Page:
JOHN AND JAN MYERS
John grew up in Iowa where he learned to appreciate art at an early age. He studied art at San Diego State with an emphasis on furniture, sculpture and pottery. After teaching at the US International University in Del Mar, California, as director of the program, John returned to Iowa in 1971 to start a private studio… “The Wood n’ Wheel”.
Here, he worked with exotic hardwoods in sculpture and furniture design. His work was exhibited in many juried Art shows in Des Moines, Chicago, Kansas City and Michigan and “The Wood n’ Wheel” was featured in numerous publications and books.
In recent years, John had to quit woodwork due to allergies and changed to clay full time. After years of throwing on the wheel, John began experiments with slab work. He describes this as building on thrown bisque forms, then altering and adding thrown or pulled parts. His work is light, graceful, humorous and functional… with many of his designs coming directly from and inspired by natural things.
Working by his side, John’s wife Jan is an accomplished potter herself, having studied at Arrowmont, School of Arts & Crafts in Gatlinburg and the University of Tennessee.
Although Jan threw pots on the potter’s wheel for many years, she now prefers hand-building, painting on the clay with under-glazes and developing her own glazes and techniques. Most often, she will use natural materials for texture and continues to make functional pottery and clay jewelry.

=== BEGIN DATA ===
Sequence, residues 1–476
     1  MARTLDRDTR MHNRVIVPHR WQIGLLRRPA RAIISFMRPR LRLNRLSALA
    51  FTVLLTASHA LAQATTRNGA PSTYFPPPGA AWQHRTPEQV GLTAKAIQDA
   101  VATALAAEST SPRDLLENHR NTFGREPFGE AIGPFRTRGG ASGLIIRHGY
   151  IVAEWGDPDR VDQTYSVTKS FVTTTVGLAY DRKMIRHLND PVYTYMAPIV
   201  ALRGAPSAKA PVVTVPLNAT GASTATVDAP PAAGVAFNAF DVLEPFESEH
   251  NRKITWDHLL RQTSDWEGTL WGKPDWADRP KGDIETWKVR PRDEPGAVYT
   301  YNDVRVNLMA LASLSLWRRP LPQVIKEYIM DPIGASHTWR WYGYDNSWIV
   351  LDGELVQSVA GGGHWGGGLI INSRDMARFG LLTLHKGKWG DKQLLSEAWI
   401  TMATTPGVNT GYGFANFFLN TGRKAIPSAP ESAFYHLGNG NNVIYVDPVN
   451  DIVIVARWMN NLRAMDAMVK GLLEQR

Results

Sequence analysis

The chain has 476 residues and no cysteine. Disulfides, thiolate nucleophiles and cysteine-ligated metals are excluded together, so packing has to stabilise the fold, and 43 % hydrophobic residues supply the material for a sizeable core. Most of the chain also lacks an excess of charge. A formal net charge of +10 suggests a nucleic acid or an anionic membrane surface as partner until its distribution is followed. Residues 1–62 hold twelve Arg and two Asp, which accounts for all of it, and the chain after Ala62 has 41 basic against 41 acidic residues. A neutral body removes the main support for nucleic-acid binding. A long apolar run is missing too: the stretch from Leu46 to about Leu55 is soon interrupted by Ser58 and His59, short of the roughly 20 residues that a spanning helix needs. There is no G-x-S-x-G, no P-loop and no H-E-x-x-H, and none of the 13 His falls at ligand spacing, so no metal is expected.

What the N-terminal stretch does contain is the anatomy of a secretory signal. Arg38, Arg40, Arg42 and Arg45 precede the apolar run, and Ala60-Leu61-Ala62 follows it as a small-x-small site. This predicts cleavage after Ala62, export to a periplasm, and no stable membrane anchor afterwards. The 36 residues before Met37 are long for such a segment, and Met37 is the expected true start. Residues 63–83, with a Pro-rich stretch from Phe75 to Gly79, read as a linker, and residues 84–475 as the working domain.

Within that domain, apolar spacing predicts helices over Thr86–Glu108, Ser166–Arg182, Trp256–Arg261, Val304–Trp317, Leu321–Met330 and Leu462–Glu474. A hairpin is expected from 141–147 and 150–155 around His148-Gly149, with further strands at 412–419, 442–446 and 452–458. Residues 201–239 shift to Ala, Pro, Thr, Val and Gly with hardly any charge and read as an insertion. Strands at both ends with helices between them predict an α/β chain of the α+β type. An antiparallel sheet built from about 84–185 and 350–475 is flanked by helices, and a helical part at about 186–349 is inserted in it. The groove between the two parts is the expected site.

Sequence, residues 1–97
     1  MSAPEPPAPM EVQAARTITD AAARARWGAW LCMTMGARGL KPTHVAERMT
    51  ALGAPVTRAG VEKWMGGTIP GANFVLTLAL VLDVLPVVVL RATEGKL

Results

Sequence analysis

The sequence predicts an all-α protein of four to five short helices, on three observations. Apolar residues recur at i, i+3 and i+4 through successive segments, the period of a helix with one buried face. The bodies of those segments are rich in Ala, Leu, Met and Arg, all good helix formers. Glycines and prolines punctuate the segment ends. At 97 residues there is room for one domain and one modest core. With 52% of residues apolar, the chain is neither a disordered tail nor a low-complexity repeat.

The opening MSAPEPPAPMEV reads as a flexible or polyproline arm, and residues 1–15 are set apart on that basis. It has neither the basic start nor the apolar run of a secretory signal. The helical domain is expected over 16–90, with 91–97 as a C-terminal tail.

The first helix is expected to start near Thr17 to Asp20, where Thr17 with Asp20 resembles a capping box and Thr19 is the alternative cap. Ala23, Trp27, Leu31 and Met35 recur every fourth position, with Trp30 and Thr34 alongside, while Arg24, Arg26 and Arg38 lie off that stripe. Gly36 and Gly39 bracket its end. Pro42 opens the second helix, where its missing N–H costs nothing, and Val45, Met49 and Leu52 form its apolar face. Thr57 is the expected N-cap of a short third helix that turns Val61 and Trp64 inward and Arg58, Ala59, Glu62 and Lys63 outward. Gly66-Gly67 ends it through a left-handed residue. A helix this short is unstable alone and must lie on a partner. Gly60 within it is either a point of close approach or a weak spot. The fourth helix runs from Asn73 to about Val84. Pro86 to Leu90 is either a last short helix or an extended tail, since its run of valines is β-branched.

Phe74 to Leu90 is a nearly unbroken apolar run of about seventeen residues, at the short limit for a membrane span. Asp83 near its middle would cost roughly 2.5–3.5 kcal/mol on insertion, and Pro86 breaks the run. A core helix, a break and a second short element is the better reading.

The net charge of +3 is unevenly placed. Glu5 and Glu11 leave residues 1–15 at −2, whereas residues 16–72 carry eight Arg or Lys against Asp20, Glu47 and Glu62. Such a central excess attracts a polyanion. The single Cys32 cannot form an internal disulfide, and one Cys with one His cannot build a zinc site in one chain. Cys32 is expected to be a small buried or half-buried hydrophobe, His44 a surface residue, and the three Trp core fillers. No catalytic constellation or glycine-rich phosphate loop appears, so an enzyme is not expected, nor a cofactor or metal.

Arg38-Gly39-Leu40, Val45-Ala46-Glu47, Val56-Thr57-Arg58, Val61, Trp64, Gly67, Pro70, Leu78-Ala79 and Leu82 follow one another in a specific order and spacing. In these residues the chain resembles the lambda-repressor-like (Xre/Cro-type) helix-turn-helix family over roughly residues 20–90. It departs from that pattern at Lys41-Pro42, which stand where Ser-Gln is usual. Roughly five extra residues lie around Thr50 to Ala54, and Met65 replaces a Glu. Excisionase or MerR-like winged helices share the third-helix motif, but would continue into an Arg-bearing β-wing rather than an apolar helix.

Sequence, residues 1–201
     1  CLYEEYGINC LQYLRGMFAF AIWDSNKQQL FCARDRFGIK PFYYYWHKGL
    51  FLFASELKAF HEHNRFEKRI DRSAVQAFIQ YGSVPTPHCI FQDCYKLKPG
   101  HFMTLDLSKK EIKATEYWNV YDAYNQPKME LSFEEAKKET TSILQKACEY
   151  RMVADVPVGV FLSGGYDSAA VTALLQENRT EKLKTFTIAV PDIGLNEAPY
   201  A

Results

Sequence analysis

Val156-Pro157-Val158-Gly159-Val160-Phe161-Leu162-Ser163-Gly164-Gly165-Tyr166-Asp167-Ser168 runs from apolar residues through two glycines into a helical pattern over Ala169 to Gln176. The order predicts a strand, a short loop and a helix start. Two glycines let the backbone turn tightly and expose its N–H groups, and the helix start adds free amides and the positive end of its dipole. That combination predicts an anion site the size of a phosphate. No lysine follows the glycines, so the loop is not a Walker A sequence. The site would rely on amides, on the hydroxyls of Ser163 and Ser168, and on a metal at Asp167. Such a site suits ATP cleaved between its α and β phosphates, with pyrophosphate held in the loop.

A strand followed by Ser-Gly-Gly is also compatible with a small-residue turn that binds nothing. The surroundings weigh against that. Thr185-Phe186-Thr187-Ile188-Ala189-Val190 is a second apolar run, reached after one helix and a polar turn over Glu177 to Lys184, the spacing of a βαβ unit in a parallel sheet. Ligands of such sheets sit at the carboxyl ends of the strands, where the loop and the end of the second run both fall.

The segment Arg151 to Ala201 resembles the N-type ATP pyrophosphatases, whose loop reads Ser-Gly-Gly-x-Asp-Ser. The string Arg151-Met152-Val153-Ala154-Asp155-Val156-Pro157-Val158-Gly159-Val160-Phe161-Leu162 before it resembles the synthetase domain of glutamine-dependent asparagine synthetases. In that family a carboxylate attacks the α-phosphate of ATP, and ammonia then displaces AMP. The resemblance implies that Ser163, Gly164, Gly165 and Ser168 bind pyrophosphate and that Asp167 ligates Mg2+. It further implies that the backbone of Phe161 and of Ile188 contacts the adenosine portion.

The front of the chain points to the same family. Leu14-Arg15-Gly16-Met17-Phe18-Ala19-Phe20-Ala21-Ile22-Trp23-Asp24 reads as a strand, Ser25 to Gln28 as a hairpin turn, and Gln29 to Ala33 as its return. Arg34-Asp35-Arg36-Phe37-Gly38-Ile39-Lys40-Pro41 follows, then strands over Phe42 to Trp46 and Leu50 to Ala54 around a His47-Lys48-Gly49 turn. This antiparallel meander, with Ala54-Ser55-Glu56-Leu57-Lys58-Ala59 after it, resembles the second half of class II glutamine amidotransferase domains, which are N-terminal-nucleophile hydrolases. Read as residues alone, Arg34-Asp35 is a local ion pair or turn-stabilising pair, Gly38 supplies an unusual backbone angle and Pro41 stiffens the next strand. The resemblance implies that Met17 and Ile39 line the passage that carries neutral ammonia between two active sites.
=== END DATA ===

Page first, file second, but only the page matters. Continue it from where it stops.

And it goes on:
John and his wife Jan moved to South Carolina in 1978 and continue to work daily in their studio in Hickory Grove. They wholesale to many shops and galleries throughout the country and travel to Art Fairs. Visitors are encouraged to visit and view their pottery and enjoy their 90-acre farm.
At this time in their lives, the Myers have developed a method to hand build almost any form of functional and decorative pottery. John and Jan are starting to focus on teaching this method while continuing to produce their own pottery to sell.
The plan is to switch our focus from handling so much clay to teaching, producing less pottery and continue working with clay as long as we are able.
There is something about growing older that we are beginning to understand and want to share our experiences with up and coming potters. We can also share our glazing techniques.
If you have a group that would be interested in having a workshop with us, please contact us for information.